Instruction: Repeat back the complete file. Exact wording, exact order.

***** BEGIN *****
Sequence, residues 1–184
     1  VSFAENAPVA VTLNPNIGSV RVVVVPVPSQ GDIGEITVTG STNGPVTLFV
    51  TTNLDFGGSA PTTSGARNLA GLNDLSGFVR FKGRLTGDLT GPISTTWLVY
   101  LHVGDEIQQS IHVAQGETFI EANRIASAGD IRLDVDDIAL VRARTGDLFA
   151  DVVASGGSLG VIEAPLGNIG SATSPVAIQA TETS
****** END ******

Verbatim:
Sequence, residues 1–184
     1  VSFAENAPVA VTLNPNIGSV RVVVVPVPSQ GDIGEITVTG STNGPVTLFV
    51  TTNLDFGGSA PTTSGARNLA GLNDLSGFVR FKGRLTGDLT GPISTTWLVY
   101  LHVGDEIQQS IHVAQGETFI EANRIASAGD IRLDVDDIAL VRARTGDLFA
   151  DVVASGGSLG VIEAPLGNIG SATSPVAIQA TETS